If one were to say this, one would be met with the fickle remarks of, ‘They are criminals!’ ‘They are bloodsuckers!’ ‘Illegal is illegal!’ ‘Not our problem!’ And if I were to show that these migrants are not our enemies, but in fact are being exploited and used for slave labor and that this exploitation will continue as long as they are labeled as “illegal,” they would argue that these migrants are “leeches” and are indeed enemies of America’s sovereignty. And if I were to show how little crime comes from these people they call “illegal aliens,” I would receive the infamous term of “Fake news!” If you tell them that the Bible calls us to love those who are foreigners (Deuteronomy 10:19), they will argue that this does not apply to the migrant.
These same people will then spread around articles from Breitbart to prove that these immigrants are the monsters they perceive them to be. They will not care at all about the fact that Breitbart has been used to promote anti-immigrant sentiment and was, in fact, being told by Stephan Miller to push more stories about immigrants and violence; Miller even referenced openly eugenist organizations, VDARE and Amren, to prove himself in his correspondence with Breitbart. Miller, in these same exchanges with Breitbart, praised the racist immigration policy of President Coolidge, as we learn from the New York Times:
“In the emails to Breitbart, a topic Mr. Miller referred to more than once was the Coolidge-era immigration law, which ushered in 40 years of lowered immigration levels with discriminatory quotas aimed at southern and Eastern Europeans, whom critics at the time attacked as nonwhite.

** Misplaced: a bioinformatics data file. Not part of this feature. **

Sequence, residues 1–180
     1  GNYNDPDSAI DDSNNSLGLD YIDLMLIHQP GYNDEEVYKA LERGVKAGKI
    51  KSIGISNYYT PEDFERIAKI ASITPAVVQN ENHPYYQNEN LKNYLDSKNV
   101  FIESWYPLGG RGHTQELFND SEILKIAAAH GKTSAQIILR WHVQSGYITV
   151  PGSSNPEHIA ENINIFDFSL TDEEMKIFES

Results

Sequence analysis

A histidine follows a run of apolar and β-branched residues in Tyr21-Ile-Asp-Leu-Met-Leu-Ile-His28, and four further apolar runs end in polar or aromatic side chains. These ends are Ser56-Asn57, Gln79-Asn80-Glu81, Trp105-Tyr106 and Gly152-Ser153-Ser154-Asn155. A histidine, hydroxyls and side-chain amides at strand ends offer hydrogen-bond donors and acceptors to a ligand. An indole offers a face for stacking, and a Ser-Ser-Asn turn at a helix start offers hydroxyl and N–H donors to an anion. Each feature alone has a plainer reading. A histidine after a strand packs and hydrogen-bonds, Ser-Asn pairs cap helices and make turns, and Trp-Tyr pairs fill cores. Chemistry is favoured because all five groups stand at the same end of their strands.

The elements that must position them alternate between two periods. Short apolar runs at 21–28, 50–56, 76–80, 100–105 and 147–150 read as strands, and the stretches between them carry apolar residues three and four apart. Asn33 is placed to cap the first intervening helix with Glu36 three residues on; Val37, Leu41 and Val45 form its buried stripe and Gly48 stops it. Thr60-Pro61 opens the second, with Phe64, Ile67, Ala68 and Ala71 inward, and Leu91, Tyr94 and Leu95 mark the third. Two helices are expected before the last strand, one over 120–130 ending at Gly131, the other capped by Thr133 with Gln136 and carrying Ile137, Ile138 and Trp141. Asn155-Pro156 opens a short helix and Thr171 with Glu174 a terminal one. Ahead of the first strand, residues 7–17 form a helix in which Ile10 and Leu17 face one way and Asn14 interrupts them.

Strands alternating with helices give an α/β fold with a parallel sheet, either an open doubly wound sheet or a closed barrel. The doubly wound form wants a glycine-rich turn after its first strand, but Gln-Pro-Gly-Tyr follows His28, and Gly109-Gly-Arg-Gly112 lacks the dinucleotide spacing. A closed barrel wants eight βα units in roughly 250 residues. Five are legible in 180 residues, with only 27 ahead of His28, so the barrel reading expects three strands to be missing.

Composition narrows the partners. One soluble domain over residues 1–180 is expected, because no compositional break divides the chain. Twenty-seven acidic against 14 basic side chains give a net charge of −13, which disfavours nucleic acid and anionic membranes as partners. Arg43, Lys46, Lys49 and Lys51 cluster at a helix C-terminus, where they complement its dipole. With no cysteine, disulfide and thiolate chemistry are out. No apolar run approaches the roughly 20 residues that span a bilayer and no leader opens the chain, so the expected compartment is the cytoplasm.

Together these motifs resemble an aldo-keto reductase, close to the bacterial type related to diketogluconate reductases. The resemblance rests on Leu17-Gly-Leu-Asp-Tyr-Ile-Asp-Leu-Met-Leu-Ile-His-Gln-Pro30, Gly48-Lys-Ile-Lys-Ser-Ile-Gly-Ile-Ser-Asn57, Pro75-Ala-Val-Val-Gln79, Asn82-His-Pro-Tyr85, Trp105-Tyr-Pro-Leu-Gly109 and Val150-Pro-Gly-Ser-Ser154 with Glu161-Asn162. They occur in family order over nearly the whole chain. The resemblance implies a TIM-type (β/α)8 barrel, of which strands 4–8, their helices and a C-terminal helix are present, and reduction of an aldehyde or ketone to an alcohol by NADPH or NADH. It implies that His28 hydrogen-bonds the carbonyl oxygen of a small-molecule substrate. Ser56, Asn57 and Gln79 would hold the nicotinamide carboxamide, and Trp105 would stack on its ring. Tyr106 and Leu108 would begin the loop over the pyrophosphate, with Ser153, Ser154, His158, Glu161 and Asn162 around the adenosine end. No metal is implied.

On Aug. 4, 2015, Mr. Miller sent an email supporting the idea of a complete ban on immigration “like Coolidge did,” an apparent reference to the 1924 law. As a result of those new “national origin quotas,” immigration fell by half and the arrival of Italians and Poles fell by 90 percent. Mr. Sessions, Mr. Miller’s boss at the time, was known for publicly praising Coolidge’s policies because he believed they had bolstered American wages.
The 1924 law endorsed by Coolidge is widely seen today as a symbol of bigotry and was heavily influenced by the eugenics movement.”
But this fact does not make the ones spreading around Breitbart’s articles about immigration wonder that this website that they love so much really has its own agenda of tension. They will in fact hate the one who warns them about such spawners of propaganda. They don’t care at all that what evils have been done by illegal immigrants are being used to condemn a whole group. The migrant is not our enemy, but is merely a victim of exploitation forced in a predicament of either risking the dangerous journey of La Frontera or being stuck in an dangerous place with no economic future. The real enemy is not the migrant, but the one who points to the migrant while getting you drunk off of the wiles of the devil and lost in the inebriation of imbalance.